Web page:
Open Web

Web on someone else's terms

In the current Web, corporations have the responsibility to keep your data, and they abuse the right to own the data using EULA license. 

Whenever a corporation wants to make a change to their product, they force you with an ultimatum. You either agree to the new feature, or you have to leave the product altogether. This is an abuse of power which we all take for granted.

Alternatively, you can opt in to the other Web. 

Web on your terms

Internet on your terms starts with the ownership and responsibility of your data. You will have a new wallet. Unlike a wallet you keep in your pocket, you will not only store the money there, but you will also store all kinds of data related to you: reputation data, social graph data, health data, family/personal data, recommendations data, historical data -> kind of everything related to your life, and more in a good way.

From this wallet as the origination place for all things related to you, there will be millions of new web3 (fancy term for the decentralized Internet) applications emerging. 

Each person will be using different kinds of applications, and these applications won't be solely reliant upon advertising business models. We will see more businesses not being dependent on ad revenue. 

Design Principles of Open Web

Couple things will be different from how they're today:

  • Data will be stored on "public good" servers, not on corporate servers (we need this before most of us know it)
  • Private (encrypted) by default
  • Data will be re-used by different applications
  • Front-end, back-end and smart contracts will be open-source
  • No ads needed to support businesses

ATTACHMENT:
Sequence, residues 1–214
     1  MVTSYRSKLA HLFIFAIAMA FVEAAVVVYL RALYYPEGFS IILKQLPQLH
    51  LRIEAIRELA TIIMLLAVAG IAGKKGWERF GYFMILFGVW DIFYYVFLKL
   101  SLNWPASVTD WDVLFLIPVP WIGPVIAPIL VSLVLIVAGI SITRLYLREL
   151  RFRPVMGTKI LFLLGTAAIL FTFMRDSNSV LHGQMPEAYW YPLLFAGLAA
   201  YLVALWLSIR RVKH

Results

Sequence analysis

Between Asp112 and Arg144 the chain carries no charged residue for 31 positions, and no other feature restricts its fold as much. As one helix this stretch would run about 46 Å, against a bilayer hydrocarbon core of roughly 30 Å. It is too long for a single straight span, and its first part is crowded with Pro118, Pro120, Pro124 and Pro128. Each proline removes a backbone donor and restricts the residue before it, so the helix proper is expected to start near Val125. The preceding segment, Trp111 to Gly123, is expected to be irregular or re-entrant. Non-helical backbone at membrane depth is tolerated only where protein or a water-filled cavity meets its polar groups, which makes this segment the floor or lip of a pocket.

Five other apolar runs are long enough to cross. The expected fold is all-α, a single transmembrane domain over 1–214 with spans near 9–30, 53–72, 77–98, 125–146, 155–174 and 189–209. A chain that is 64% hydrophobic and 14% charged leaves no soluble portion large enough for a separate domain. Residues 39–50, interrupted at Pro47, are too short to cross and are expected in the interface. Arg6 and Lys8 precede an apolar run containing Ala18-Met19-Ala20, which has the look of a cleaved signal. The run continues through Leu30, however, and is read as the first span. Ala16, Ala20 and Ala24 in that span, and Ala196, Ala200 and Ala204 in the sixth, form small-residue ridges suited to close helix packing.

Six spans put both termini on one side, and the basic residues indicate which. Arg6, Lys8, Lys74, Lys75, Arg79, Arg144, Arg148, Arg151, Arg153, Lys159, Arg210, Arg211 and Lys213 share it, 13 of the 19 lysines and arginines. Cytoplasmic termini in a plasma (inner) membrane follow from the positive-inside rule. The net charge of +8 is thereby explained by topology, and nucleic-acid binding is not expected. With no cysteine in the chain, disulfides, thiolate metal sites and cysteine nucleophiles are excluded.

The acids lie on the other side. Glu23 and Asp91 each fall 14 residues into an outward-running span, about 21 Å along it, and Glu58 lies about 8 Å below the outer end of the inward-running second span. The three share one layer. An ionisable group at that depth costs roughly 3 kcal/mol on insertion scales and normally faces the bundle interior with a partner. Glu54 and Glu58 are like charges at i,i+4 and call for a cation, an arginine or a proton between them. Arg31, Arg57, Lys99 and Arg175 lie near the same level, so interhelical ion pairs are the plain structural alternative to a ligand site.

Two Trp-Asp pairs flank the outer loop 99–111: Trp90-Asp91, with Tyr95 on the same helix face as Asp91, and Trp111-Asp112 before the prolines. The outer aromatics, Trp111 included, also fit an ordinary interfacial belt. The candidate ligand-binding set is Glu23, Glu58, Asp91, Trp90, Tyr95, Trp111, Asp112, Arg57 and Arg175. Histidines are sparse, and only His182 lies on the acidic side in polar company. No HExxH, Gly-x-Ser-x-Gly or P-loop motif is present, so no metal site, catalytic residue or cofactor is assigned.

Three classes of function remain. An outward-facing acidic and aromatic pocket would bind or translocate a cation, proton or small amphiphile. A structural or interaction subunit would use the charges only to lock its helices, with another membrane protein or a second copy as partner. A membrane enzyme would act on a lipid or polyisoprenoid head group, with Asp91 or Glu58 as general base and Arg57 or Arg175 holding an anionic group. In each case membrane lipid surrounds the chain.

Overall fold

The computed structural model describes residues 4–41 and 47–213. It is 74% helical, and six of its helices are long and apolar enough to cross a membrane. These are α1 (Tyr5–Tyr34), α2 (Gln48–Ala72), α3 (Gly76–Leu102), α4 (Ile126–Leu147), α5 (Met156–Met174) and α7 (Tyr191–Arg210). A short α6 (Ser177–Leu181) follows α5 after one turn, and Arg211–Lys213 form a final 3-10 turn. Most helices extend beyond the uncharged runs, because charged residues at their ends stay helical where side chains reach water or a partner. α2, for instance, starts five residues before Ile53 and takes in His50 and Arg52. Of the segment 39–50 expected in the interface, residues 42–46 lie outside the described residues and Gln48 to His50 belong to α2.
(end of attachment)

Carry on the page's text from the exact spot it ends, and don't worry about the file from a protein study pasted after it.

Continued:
• Apps will have fewer users and won't need to be subject to "winner takes all" dynamics (so crucial for balanced conscientious society)
  • Each niche community or individual will have apps catering to their unique needs

How does this change things for each stakeholder?

Open Web and the user

When did you download new app on your phone last time? I bet it was a long time ago. This has to do with the fact that since the user data is stored on corporate servers, it becomes a competitive advantage over time. User data created the fly-wheel effect, and startups no longer can compete with large corporations amassing large troves of user data.

If you reverse the pattern and allow for users to have both ownership and responsibility over their own data, then you will be able to see millions of new apps that don't exist today. Since these apps won't be reliant on old ad-supported revenue model and also have options for direct pay, we will see niche apps catering niche communities, while being also sustainable on their own. 

There will be fierce competition for users, but there will also be an opportunity to move communities between apps quickly. Each person will have apps that cater to their specific needs.

Open Web and the developer

In the open web world, the sole developer gets a whole lot more powerful, because he or she can re-use the open data. Instead of each of the developers working on their things, each will be able to take advantage of each other's work. You can think of it as a continuation of open source movement, but with incentives embedded in it. 

Additionally, the developer will have a new career path: work for yourself. Instead of choosing between working for a corporation or a risky entrepreneurship path, there will be a third option: build something that people want, and get paid for it. It's like being consultant, but making your stuff sustainably.

Open Web and the entrepreneur

It's challenging to compete in the consumer web industry, precisely because user data lock-in produced a few winners who print billions of dollars in ad revenue and hire top talent to preserve the status quo.

Entrepreneurs who pursue open Web will take advantage of its unique properties: